Pan Jin is a designer making her mark in fashion industry through her uniquely sensitive and intimate collections. Hailing from China and currently based in New York City, her point of view is refreshingly different. IRK’s Editor-in Chief Mia Macfarlane caught up with Pan to learn more about her debut collection.
Where did you grow up? Tell us about your background and family life.
I grew up in Hangzhou, China and moved to Bay Area on my own for high school at the age of 15. I am currently based in New York City.
Where did you study?
I had the privilege of studying fashion design at one of the premier fashion schools in the world, Parsons School of Design, where I earned a Bachelor’s of Fine Arts in Fashion Apparel Design, and at the same time gained exposure to New York’s fashion scene.
What sparked your interest to go into fashion?
I have always had an artistic side, but I was not sure what I would do with it until just before college. After my admission to Parsons, I developed an insatiable curiousness about the fashion industry. In New York, I became exposed to highly respected fashion figures and embraced design as an outlet to express myself artistically, making the garment and the human form my canvas.
What influences have inspired your designs?
When I was younger, I was obsessed with writing short stories and poems. I documented events or details in life and expanded upon mundane emotions with abstract metaphors. I remember impressing my literature teachers with my sensitive and perceptive writing style, which was later naturally evolved into my current design language.
What stands out from your debut collection are intricate layering and original details and fabric choices. What is your creative process?
Design is truly a language for me. The human form and fabrics are my canvas. I relish every step in my design process.I begin by gathering visually inspirational images and collage them to create an overall narrative. In this particular collection, I drew sketches over photos of bodies and muslins, in exploration of the relationship between these two subjects.
I journal my design process so that I can go back to it for inspiration. Examples of my design process and inspiration are posted on my Behance and Instagram (@Alk_Ali) pages.
Your mesmerizing designs are fashion-forward and have attracted the attention of fashion critics and stylists alike. What inspired your pieces and what work are you most proud of?
I am grateful that my design vision has earned notice from the fashion elite. I was especially honored to get the Black Sheep designation from Not Just A Label. This kind of recognition itself is a great inspiration for me to trust my vision and my artistic voice. I am inspired by photography and films. It starts there visually and that helps set the mood. My collections are a unique interpretation of that. My Intimacy is Space was inspired by a set of photography by Photographer Hal, who put couples in vacuum sealed packs, naked and clothed. The claustrophobic depictions of love and human relations really impressed me, and led me to explore the communication between humans and clothes. I am very proud of my work at R13, where I worked on the development of 11 mainline collections and 4 runway collections. During this time, I worked with renowned stylists such as Edward Enninful (editor-in-chief of British Vogue) and Camilla Nickerson (acclaimed editor at Vogue). The collections were well received by top fashion publications. It doesn’t get better than this for a designer.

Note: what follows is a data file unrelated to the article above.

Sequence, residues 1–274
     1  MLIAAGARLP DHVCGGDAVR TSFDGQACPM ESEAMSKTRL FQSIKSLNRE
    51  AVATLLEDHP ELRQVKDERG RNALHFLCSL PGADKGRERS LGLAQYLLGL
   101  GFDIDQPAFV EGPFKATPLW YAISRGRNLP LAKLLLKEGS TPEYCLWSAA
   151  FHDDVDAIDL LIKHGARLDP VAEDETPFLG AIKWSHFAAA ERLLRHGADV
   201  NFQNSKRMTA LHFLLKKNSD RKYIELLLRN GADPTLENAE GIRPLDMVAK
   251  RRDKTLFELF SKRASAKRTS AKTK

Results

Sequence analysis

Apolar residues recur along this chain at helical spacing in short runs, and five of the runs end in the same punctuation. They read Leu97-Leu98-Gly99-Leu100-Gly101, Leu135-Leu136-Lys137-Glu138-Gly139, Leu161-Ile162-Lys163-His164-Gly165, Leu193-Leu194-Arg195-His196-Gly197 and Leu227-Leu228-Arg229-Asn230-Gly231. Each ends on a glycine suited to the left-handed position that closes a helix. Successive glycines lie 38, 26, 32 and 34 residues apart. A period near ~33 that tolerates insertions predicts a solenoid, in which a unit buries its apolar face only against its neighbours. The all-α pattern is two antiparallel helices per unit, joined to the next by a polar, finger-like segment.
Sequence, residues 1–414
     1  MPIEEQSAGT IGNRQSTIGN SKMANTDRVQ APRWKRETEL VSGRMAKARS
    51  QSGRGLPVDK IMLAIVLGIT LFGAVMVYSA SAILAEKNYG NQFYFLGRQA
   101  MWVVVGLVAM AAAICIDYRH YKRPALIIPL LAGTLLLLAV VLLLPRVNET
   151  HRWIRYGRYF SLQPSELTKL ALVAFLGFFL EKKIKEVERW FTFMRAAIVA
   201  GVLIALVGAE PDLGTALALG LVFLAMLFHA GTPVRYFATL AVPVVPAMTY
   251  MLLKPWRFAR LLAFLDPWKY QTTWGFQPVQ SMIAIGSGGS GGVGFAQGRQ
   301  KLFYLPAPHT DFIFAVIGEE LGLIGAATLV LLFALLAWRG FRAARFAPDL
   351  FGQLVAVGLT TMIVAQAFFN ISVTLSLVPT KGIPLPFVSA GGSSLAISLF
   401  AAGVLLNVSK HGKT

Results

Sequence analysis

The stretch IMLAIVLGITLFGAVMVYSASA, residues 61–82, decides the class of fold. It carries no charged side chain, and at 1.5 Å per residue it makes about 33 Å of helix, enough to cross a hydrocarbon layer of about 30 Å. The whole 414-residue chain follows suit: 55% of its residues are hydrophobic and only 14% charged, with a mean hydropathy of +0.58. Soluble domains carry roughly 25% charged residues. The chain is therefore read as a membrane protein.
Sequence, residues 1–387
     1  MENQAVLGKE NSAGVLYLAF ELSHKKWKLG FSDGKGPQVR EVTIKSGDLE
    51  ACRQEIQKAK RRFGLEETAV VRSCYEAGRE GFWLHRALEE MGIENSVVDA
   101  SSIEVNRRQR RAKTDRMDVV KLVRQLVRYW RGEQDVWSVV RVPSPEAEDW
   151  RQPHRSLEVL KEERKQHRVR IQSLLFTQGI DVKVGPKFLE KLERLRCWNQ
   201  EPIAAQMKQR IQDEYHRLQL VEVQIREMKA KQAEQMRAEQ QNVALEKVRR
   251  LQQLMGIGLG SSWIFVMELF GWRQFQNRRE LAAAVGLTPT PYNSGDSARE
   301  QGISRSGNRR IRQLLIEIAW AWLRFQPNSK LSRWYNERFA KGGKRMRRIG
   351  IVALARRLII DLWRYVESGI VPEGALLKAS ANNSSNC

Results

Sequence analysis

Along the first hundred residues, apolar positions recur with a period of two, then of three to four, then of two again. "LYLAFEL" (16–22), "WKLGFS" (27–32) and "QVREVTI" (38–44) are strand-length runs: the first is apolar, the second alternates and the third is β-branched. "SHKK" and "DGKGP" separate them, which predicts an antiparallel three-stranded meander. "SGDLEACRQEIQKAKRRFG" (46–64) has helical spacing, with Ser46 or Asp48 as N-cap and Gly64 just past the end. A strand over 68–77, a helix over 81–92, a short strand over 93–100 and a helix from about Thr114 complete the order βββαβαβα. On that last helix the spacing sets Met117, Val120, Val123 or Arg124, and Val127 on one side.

Who are your favorite artists?
While it’s difficult to narrow it down, some of my favorites include Japanese photographer Rinko Kawaguchi, Taiwanese-American illustrator James Jean, and fashion photographers Mark Borthwick and Colin Dodgson.
You have successfully designed menswear and womenswear. What is the key to your success in designing pieces that have both originality and broad appeal?
I have to credit my early success to the technical training I received at Parsons, learning from widely recognized designers with years of field experience and success. I have also had the opportunity to apply my skills through my work at some of the most highly regarded design houses in the industry, including The Row, Once We Were Fiends, and R13.
I think both men’s and women’s clothes are inter-related, and should complement each other. I design looks that embrace figures but are not stereotypically feminine or masculine.
Who is the ideal Pan Jin client, and what kind of women and men you would like to dress?
I try to make clothes that bridge the artful and conceptual into something that feels easy and wearable. My goal is to design approachable clothes that make almost anyone feel like they could be my client. My designs have a unique approach melds leisure, comfort and luxury to create a relaxed but sophisticated look has strongly influenced my own aesthetic.
How does New York City influence your creativity?
New York is so complex on its own that it’s inclusive and exclusive at the same time, which means my design identity has to constantly evolve. My tenure with R13, a renowned luxury brand, has greatly influenced my design sensibilities. I became hyper-aware of the market and fashion scene as an industry, instead of just a concept learned in school.
New York has been critical to my successes as a designer because it offers me such proximity to the elite of the fashion industry. I am surrounded by inspiration in the sights, sounds and textures of the city, but I am also always exposed to fashion and art here. Whether on billboards, museums or on bodies walking down the street. I am in touch with the pulse of fashion and its daily expressions in the New York landscape.